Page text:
Subdivision (Completion) Bonds

Also known as construction completion bonds, plats or performance bonds, subdivision bonds assume the risk for completion of government-required community improvements associated with your development.

Who needs a subdivision bond?

If you’re planning a new construction project, subdivision sureties should be on your radar. As a construction company, developer or landowner, you will need to post a subdivision surety bond before breaking ground or recording the parcel map. They assure the local government that you:

  • Possess financial resources to pay for all required community improvements to support your development.
  • Complete local community improvements on time. Necessary community infrastructure enhancements might include the addition of, or changes to, curbs, sidewalks, roadways and/or sewers.
  • Guarantee maintenance on workmanship and/or materials for at least a year.

Before bidding on the job, or preparing an estimate, be sure to research the potential cost with a specialized bonding company. This way, you can incorporate the premium into the total bid or project cost.

How do subdivision bonds work?

These bonds are a type of contract surety that you post in order to obtain building permits and begin construction of a new building or development. (Site improvement bonds are similar, but intended for existing structures or developments.) The subdivision kind of bond guarantees to your local government (municipal, county, or state) that you will properly complete public improvements required to support your new development.

Without a bond from your surety company, you would need to tie up your own capital, cash or credit (for the duration, plus the guaranteed maintenance period) to guarantee all work and maintenance is properly completed. When you partner with a bonding company, you get a bond for the full coverage amount necessary, but you only pay a premium of 1 to 10 percent for the coverage.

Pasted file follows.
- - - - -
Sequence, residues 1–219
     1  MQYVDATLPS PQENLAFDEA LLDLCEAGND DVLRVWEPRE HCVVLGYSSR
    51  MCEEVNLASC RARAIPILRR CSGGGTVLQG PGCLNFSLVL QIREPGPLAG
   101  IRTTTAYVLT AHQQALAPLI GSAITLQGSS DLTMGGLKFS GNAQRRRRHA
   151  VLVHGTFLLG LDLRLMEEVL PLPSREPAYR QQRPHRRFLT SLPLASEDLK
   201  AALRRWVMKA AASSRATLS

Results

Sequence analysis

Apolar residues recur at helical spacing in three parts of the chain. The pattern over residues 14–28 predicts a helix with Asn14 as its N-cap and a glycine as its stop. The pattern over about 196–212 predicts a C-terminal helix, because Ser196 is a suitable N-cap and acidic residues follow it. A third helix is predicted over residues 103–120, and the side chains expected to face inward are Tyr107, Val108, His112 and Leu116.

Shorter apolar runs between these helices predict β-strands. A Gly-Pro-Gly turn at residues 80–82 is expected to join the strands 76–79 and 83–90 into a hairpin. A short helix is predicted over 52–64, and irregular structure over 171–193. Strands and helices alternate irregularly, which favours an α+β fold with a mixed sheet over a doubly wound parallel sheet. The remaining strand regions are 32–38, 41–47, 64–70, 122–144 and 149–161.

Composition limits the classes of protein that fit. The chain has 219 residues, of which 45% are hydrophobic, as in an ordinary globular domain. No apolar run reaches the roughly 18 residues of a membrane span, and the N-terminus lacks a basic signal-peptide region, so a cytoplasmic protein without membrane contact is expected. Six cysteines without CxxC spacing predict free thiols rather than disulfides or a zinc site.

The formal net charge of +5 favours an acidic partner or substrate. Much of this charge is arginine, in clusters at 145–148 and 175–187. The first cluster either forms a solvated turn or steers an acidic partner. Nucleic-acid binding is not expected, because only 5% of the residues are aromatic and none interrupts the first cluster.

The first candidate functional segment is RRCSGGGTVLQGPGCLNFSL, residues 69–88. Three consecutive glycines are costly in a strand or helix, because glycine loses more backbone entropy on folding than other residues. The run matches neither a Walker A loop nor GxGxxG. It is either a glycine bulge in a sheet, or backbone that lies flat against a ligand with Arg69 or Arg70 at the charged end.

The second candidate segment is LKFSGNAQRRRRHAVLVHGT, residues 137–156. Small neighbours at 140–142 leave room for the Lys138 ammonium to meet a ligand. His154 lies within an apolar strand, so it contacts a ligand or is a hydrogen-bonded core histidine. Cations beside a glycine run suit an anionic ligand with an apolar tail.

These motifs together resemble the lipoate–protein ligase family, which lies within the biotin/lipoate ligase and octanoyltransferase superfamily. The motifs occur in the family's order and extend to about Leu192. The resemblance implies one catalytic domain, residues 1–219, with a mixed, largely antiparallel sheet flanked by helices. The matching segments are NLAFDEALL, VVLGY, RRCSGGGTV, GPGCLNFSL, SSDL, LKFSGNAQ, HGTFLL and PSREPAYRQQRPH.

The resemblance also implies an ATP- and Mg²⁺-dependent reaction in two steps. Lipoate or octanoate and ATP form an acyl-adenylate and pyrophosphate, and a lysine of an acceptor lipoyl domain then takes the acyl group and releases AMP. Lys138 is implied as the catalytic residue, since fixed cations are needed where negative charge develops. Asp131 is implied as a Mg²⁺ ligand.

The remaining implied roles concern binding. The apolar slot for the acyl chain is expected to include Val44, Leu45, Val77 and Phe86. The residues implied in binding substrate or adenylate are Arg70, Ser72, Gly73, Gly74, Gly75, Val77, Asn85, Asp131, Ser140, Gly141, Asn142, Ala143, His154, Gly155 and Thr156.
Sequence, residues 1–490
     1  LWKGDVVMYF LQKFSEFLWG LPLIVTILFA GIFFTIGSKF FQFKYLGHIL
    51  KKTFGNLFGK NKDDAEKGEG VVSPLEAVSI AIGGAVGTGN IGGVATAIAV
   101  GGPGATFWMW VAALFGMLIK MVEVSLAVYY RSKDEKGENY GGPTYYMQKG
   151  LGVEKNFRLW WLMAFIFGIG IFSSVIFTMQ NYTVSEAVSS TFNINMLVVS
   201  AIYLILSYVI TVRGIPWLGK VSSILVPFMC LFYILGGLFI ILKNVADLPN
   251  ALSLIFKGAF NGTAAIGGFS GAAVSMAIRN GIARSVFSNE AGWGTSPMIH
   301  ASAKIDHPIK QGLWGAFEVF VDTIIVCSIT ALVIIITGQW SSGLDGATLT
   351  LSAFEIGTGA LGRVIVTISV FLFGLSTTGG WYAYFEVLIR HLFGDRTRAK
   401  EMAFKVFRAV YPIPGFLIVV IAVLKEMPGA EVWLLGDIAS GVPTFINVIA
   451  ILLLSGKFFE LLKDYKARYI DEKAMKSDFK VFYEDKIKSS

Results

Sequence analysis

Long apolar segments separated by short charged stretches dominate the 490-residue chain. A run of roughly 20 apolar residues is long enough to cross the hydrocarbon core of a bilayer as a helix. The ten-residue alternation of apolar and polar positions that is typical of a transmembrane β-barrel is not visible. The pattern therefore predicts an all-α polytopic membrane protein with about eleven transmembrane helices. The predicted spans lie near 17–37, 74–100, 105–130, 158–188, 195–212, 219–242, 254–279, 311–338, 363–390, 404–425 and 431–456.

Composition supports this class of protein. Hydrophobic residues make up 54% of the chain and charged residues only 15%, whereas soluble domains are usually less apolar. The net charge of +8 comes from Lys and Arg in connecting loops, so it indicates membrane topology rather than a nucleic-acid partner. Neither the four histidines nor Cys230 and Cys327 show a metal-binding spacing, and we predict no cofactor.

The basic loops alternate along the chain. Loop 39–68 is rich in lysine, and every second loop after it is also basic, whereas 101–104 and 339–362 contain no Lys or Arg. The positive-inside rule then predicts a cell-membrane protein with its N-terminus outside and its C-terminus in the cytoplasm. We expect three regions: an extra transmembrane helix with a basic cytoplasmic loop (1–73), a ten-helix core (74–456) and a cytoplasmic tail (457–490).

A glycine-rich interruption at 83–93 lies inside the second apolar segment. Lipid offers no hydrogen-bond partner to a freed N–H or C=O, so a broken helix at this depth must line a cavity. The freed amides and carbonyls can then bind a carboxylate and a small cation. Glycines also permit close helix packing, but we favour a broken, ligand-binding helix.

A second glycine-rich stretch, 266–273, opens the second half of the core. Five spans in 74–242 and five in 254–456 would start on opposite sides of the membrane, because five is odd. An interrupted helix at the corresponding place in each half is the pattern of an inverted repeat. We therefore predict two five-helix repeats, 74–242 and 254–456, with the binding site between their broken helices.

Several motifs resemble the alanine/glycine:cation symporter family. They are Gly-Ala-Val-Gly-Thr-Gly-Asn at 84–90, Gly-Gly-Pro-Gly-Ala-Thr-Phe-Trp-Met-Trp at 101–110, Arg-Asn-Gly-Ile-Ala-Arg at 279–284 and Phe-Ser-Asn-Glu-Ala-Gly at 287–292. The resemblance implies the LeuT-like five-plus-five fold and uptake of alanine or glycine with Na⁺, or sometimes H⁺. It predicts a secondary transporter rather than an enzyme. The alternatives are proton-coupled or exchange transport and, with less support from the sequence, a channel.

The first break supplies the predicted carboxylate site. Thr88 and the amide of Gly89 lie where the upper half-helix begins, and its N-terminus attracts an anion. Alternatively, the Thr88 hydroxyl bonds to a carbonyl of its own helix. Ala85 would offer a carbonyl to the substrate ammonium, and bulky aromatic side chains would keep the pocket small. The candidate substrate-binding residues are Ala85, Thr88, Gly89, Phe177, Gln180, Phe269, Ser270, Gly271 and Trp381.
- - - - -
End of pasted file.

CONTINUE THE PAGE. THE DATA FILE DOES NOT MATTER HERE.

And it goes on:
How much coverage do I need?

The rate and terms set by your chosen surety company depend upon the level of risk they assume as guarantors of the bond. Choose an experienced bond issuing company that offers subdivision bonds (not all do). A dedicated bonding agency will work hard to get you approved and set a fair premium rate to help your project succeed.

Your premium cost is based on factors that include:

  • Contract amount or project cost
  • Scope of the project or improvements
  • Source of your project’s funding
  • Type of project/work you will perform
  • Work location (state, city, etc.)
  • Your personal credit score (as the principal or business owner)
  • Your years of experience, years in business and reputation
  • The documented financial health of your business (based upon your financial reports)

What are the advantages of a completion bond?

Here are the top benefits of a subdivision/construction completion bond:

  • Improves cash flow. Enables you to begin selling properties within the subdivision before government-mandated community improvements are completed.
  • Helps you pre-qualify (through the bond underwriting, due diligence process).
  • It provides unsecured credit. Bonds won’t tie-up capital or reduce any available credit that you may have.
  • Eases your stress. Our claims division helps resolve any issues with the local municipal authority. Without the bond, you might forfeit any security you would have provided as a guarantee to the local municipality.
  • It lowers your risk. Typically covers you completely (100 percent coverage to guarantee your performance, payment and the full year maintenance commitment you made to the government). If you as the developer should default, the full bond amount is available to complete the community improvement work on your contract.

How do I get bonded?

Your new project represents a big investment of your time, money and reputation. Help ensure your success with the right bond from the experts at NFP. As the largest bonding agency in the US, we can underwrite a subdivision bond that fits your needs. Contact us today.